search model outlined above—job termination,
human capital/skills, and eamings-dependent
unemployment compensation.
Job termination—We have adjusted the
option value of searching for a job to reflect



weighted by the probability, n, of

We let human capital appreciate
when the worker is employed,
Expected present values of wages, search costs,
and let it depreciate gradually
and unemployment compensation
during spells of unemployment.
(as given by the three components in equation 5)
Human capital/skill levels differ­
expected present values
entiate workers from each other;
unemployed workers with differ­
ent human capital levels set dif­
ferent reservation wages and
search intensities.
We specify a given number
of potential levels of human capi­
tal or skills, ordered from lowest
to highest. We also specify two
sets of transition probabilities,
describing the change in skills
over time. For example, we
would expect a worker’s skills
to improve during periods of
employment and, conversely, to
deteriorate during periods of
the possibility that an existing job terminates
We define a worker’s total earnings as the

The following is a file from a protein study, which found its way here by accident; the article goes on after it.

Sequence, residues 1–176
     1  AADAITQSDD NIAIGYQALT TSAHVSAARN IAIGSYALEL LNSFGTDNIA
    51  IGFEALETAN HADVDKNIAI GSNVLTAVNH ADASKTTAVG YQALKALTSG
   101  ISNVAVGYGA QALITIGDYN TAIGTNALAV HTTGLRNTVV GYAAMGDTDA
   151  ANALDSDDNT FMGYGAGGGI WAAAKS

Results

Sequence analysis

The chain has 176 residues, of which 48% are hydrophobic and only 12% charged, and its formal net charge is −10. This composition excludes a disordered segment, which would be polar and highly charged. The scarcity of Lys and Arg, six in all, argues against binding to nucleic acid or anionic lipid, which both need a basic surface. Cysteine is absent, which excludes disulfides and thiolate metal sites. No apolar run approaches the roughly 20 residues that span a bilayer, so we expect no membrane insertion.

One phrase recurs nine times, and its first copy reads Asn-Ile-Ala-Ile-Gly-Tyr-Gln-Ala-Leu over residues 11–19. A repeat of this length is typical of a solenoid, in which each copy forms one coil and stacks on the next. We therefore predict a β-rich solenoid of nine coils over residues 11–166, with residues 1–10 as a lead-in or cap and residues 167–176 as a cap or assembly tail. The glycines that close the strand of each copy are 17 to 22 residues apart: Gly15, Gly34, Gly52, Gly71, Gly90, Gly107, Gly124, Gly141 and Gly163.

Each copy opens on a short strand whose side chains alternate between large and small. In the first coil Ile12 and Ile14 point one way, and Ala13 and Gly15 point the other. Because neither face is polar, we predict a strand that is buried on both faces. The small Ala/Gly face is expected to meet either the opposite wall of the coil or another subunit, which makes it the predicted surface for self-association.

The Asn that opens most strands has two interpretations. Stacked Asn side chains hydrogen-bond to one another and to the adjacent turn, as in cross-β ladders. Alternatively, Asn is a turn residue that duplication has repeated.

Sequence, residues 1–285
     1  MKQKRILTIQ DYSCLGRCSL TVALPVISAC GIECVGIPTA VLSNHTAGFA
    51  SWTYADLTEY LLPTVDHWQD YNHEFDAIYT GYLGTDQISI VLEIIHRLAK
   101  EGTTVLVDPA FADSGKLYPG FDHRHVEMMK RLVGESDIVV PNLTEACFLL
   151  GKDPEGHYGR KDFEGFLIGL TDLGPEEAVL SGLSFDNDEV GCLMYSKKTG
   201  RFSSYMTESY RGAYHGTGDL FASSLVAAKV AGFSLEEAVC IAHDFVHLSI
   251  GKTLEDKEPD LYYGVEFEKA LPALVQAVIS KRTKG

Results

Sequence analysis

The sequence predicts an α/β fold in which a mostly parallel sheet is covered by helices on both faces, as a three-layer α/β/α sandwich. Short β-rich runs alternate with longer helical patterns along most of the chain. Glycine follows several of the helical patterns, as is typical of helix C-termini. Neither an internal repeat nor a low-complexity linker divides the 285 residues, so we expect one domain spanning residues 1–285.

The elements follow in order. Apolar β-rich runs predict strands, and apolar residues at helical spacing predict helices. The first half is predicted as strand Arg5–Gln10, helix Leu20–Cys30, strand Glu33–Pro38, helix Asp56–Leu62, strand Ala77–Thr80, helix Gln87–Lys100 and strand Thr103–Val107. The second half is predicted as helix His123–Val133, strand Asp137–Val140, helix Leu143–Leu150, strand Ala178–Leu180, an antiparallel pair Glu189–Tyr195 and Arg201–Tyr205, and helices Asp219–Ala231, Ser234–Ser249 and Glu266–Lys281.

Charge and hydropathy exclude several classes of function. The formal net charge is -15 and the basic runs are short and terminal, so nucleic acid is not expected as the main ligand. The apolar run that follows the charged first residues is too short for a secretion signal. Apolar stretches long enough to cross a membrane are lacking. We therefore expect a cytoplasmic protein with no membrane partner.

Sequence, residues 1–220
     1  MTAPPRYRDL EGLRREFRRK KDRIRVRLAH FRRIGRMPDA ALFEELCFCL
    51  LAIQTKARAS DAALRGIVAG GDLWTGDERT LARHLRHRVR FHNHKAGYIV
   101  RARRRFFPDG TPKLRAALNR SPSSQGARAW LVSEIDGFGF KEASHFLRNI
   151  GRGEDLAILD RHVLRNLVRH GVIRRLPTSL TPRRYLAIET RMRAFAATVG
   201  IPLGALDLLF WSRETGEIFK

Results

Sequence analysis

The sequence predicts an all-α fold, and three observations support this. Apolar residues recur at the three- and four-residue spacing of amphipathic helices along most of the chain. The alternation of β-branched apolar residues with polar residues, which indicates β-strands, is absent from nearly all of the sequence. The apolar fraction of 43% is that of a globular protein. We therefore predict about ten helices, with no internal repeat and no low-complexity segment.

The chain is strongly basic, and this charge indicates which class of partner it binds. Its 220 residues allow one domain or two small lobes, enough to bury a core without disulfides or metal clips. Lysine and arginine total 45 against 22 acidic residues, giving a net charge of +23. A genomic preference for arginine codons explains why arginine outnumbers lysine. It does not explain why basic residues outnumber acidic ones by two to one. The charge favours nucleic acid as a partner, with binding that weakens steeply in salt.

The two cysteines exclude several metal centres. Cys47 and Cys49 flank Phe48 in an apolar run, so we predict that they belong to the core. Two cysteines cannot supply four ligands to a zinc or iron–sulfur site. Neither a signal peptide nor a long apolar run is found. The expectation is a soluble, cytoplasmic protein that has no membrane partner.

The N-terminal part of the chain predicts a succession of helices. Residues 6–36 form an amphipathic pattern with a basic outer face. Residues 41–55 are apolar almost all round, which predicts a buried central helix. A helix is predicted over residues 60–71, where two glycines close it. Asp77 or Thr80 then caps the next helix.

against the will of the worker. Exposing the
product of a base wage, to be drawn from a
given wage offer distribution, and the worker’s
worker to a small probability of involuntary
skills. During a spell of employment, a worker
job loss each period tends to diminish the op­
tion value of a further job search, and can di­
who starts from a low level of skills can expect
minish the reservation wage.
his or her earnings to grow gradually as his or
Human capital or skills—We have made
her skills grow, even though the base wage is
earnings depend on human capital or skills.
set once-and-for-all at the beginning of the
current spell of employment.
The worker takes into account the
likely growth of earnings in for­
mulating the reservation wage
Expected total payoffs with and without
unemployment compensation
and search intensity. The worker
(as given in equation 5)
also takes into account the way
unemployment compensation
expected present value of payoffs
depends on past earnings.
Earnings-dependent unem­
ployment compensation—The
basic model has a fixed level of
unemployment compensation,
independent of the worker’s earn­
ings during previous employment.
We modify this feature by linking
unemployment compensation to
earnings attained on the previous
job. This means the option value
of the search will depend on the
worker’s current skill level, the
effect of prospective employment
status on the worker’s skills, and
Note: Stars indicate the optim al search intensity for each unem ploym ent
com pensation regim e.
the level of the worker’s previous
earnings. The effect on this option